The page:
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Lawn Care Basics

There are some basics that every lawn needs in order to get healthy and stay healthy. If you don’t start with a solid foundation, every year is going to bring the renewed struggle to keep your yard looking great.

Even when you’re doing everything right, caring for your lawn can be time consuming, and even if you know how to do everything correctly, you might be better off letting someone else take care of the work and spending more time just enjoying the results.

If you are a do-it-yourself kind of homeowner and don’t want to hire the pros at Acres of Green, these tips should give you a head start and help you keep your lawn looking great.


Different types of grass need different amounts of water. How much and how often to water also depends on how much sun and shade your lawn gets. These are guidelines, but if you’re not sure if they are exactly right for your yard, give us a call. We can assess your needs and give your lawn the loving care it deserves.

Don’t over water. Your lawn needs a little incentive to grow long, strong roots. If it is constantly saturated, it’ll lack that incentive. Water when it is needed. In most cases, watering two to three times each week is plenty. Ideally, you’ll want the water to reach about 7 inches deep into your soil. That doesn’t mean saturate the heck out of it. It means, about 7 inches down the soil should be moist after watering. Go ahead and dig in. That’s the only way to really know. If it is dry, adjust your watering time.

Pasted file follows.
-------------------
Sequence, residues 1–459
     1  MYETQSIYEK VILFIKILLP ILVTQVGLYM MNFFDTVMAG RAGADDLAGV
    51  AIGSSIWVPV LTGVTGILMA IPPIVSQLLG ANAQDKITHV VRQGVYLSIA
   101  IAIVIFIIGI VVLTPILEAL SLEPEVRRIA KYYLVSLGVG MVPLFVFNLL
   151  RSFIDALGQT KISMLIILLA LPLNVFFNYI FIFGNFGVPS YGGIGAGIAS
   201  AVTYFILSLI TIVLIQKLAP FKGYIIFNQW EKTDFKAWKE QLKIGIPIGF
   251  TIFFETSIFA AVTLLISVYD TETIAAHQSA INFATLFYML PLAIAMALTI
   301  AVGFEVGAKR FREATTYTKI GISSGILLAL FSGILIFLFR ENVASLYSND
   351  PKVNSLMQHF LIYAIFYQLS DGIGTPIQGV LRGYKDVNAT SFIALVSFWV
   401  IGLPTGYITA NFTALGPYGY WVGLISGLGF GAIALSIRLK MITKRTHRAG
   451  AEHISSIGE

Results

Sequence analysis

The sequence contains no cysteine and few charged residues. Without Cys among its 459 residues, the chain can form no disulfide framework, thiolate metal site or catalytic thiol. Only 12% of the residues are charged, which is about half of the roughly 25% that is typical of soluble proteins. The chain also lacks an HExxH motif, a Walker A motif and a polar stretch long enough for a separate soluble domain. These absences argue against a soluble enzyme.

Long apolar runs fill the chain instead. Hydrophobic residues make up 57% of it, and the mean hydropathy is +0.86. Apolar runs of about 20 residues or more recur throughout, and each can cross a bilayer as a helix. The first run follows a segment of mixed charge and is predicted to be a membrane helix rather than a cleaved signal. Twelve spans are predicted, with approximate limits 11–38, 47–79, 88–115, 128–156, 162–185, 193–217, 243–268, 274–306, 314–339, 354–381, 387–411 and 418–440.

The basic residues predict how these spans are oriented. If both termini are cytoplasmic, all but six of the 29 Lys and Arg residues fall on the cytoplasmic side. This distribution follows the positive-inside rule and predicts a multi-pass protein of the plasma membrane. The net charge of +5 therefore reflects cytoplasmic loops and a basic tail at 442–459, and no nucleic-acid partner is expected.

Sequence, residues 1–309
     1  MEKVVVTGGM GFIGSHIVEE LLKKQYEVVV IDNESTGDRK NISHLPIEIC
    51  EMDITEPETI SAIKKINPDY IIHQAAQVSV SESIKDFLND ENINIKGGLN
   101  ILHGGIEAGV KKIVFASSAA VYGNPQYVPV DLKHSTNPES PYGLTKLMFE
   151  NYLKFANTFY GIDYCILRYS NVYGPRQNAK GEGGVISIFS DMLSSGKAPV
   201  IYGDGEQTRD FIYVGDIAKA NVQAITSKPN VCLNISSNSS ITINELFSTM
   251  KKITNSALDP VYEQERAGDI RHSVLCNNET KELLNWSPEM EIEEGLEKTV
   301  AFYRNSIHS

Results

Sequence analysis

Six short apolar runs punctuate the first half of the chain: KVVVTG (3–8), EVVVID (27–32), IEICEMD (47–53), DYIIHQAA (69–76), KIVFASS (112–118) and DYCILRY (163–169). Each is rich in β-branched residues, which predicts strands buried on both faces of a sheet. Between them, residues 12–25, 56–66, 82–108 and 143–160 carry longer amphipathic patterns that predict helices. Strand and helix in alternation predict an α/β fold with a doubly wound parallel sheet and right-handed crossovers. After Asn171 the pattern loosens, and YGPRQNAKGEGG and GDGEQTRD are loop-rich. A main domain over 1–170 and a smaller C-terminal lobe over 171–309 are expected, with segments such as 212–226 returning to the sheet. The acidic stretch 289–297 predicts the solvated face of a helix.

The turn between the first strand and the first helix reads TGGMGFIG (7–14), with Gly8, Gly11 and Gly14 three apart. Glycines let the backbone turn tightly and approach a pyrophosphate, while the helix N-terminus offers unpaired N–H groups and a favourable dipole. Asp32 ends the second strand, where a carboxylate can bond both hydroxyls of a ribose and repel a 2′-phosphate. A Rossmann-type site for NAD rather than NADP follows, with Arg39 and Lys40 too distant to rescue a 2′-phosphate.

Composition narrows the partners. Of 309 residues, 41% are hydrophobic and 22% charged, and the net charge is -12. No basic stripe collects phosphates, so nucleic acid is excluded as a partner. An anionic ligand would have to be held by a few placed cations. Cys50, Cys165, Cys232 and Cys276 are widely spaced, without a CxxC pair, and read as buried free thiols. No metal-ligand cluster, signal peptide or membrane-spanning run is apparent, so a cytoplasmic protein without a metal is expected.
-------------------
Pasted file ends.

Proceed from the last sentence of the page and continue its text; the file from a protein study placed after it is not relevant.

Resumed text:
If your yard has a lot of hills and sloping areas, you’ve got more to consider. You’ll need to have an understanding of where water pools, how it runs down different grades, and how to adjust your watering accordingly.

Finally, don’t water in the middle of the day. You’ll lose a great deal of moisture to evaporation.


A properly fertilized lawn is denser, so it looks better and does a better job of crowding out weeds and resisting bugs.

Choose the right spreader and use it correctly. Depending on the type of fertilizer you are using and the size of your lawn you may want to invest in a broadcast rotary spreader, while a drop spreader or handheld broadcast spreader would be a better choice for smaller lawns.

You’ll want to apply your fertilizer to a dry, but well-watered lawn. This might seem oxymoronic, but look back at our first tip about watering. If you’ve been watering correctly, even a day or two after you last watered, the ground under your lawn will be moist, while it is dry on the surface. That’s when you want to fertilize.


Nitrogen is the most important nutrient for your lawn. But it is also one of the biggest contributors to groundwater contamination in many parts of the country. So if you don’t know how much to use, or how to properly apply your nitrogen-rich fertilizer, leave it to the professionals. Your home compost is probably like a nitrogen super-supplement for your lawn, so be careful about using too much of it. Some areas have regulated the use of home compost for lawn fertilization because of its high nitrogen content. Be sure to check if you aren’t sure about the rules in your area.